A VERP is a return address which contains the recipient address encoded in it. Not all MTAs support RFC 1894-based delivery status notifications. VERPs permit mailing list software to identify non-deliverable addresses even in the absence of a machine-readable DSN.
This option exists mainly to support Courier's own mailing list manager. At this time, it's the only software in the world that knows how to use this option. The Qmail server has very similar functionality, for it's own mailing list manager. However, there are many functional differences between the two mail servers, so Courier's and Qmail's mailing list managers are not interchangeable.
Except for this detail, Courier's implementation of a VERP is very similar to Qmail's. When a message from email@example.com is addressed to address X, then return address will be set to user-Y@domain.com, where Y is defined as follows:
1. The last @ character in X is changed to the = character.
2. The remaining characters in X are copied verbatim to Y, except for some special characters like @, +, %, :, and !.
3. These special characters are replaced with the character +, followed by a two-character hexadecimal ASCII code for the special character.
Using -verp for a message to multiple recipients results in Courier generating and transmitting one copy of the message separately to every recipient. That's because the return address for every recipient is different, requiring a separate message to be sent.
Except in one case.
The one exception is when a VERPed message is sent from one Courier server to another Courier server via ESMTP. An ESMTP extension will be used to send one message, preserving the VERP status of the message. This ESMTP extension is described in the document, draft-varshavchik-verp-smtpext, a copy of which is included in Courier's source code.
sendmail sets the contents of the From: header as follows. Note that this is not the same as the return address of the message.
If the -bs option is specified, none of the following will be applicable. All environment variables are ignored when the -bs option is used.
If the From: header is present in the message, but the environment variable MAILUSER is set, the userid portion of the From: header is replaced by the contents of MAILUSER.
If the From: header is present in the message, but the MAILHOST environment variable is set, the contents of MAILHOST replaces the host portion of the From: header.
If the From: header is present in the message, but either the -F option was specified, or the MAILNAME or the NAME environment variable is set, the contents of the -F option, or the environment variable, will replace the sender's name in the From: header.
If the From: header is not present in the message, one is constructed as follows. The sender's name is set by the -F option. If the -F option was not specified, the contents of the MAILNAME or the NAME environment variable is used. If neither variable is used, the name is looked up from the system account file. The userid portion of the address is set by the contents of any one of the following environment variables: MAILUSER, LOGNAME, USER. If none of these variables are set, the system userid is used. The host portion of the address is set by the contents of the MAILHOST environment variable. If it is not set, the system name of the server is used.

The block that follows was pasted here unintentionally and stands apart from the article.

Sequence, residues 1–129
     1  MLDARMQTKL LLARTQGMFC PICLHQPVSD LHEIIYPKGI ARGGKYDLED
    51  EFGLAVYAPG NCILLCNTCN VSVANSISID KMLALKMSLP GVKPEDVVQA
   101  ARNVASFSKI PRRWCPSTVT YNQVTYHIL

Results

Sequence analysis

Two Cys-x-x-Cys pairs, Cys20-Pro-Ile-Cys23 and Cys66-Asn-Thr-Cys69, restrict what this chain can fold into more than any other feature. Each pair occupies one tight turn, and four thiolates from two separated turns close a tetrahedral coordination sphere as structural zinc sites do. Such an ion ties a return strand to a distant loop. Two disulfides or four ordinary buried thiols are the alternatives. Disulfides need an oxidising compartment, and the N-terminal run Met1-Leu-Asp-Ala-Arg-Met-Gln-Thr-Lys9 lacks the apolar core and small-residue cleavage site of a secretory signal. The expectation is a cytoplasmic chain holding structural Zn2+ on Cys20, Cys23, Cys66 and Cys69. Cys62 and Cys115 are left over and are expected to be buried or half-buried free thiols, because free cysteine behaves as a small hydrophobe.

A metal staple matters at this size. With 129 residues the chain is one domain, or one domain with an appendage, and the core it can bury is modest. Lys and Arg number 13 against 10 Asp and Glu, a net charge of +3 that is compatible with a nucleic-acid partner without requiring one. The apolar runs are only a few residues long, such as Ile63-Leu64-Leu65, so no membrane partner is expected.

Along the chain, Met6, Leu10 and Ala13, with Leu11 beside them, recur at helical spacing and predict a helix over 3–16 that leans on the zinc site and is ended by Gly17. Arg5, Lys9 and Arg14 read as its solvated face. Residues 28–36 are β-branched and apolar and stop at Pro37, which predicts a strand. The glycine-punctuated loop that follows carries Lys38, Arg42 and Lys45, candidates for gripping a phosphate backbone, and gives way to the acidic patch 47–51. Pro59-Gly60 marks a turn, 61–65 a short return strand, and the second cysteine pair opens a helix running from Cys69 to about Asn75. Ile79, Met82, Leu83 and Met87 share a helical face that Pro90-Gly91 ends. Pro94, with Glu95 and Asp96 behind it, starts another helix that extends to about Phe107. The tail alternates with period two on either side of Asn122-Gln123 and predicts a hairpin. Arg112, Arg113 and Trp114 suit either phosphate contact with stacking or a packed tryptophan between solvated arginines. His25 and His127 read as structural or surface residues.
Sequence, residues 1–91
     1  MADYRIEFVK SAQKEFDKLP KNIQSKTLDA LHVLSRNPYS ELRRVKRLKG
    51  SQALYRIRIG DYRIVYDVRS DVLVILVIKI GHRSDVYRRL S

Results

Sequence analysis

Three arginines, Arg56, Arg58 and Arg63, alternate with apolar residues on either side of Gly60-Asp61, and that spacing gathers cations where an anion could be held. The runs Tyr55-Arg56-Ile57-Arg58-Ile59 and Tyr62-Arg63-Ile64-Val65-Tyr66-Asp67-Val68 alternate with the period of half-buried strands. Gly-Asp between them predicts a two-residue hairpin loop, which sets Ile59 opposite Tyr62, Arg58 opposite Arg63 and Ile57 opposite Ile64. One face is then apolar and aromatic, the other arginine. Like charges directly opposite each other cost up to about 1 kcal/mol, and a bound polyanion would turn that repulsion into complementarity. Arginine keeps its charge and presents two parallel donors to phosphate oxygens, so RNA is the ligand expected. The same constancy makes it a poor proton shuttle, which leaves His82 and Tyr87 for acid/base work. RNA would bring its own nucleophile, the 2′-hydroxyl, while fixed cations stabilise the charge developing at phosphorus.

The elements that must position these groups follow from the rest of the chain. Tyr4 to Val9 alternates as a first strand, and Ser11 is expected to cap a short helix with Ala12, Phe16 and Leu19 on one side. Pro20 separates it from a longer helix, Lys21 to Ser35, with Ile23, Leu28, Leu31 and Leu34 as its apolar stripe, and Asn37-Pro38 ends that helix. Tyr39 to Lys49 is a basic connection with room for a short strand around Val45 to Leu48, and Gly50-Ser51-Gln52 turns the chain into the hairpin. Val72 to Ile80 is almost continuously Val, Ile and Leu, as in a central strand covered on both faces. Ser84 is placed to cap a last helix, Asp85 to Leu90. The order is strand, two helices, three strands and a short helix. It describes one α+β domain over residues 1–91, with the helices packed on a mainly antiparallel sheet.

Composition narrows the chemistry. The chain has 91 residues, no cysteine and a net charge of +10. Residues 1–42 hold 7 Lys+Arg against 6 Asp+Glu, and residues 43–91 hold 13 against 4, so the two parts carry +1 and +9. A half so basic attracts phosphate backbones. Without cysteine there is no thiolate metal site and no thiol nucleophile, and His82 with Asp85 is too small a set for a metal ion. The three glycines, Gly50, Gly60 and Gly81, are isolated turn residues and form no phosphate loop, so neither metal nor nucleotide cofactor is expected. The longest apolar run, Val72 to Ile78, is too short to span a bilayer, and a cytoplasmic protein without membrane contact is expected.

sendmail exits with exit status of zero if the message was succesfully scheduled for a delivery. If there was a problem accepting the message for delivery, sendmail displays an error message and exits with a non-zero status. The exit status will always be zero when the -bs option is used, unless a serious system problem occurs.
If called as rmail, only a subset of these options are available, namely -f, -verp, -N, -R, -V, -o, and -t. Other options are not allowed. Additionally, recipient addresses must be explicitly specified on the command line. The rmail alias is intended to be used for receiving mail via UUCP. You must install compatible UUCP software separately, and set it up so that it looks for rmail in Courier's installation directory.
When invoked as rmail this wrapper will refuse to run unless it is invoked by the uucp user. Additionally, the UU_MACHINE and UU_USER environment variables must be defined. Also, header and address rewriting described in previous paragraphs do not take place; instead, UUCP-specific header and address rewriting rules will apply. See the courieruucp(8) manual page for more information.
There are still some mail gateways out there that do not impl ement delivery status notifications according to RFC 1894. This means that you may get a delivery notice even if -N never keyword was specified.
Header rewriting rules are similar, but not identical, to Qmail's. The precedence of the various environment variables, plus the situations where they're used, are different from Qmail's and may produce different results.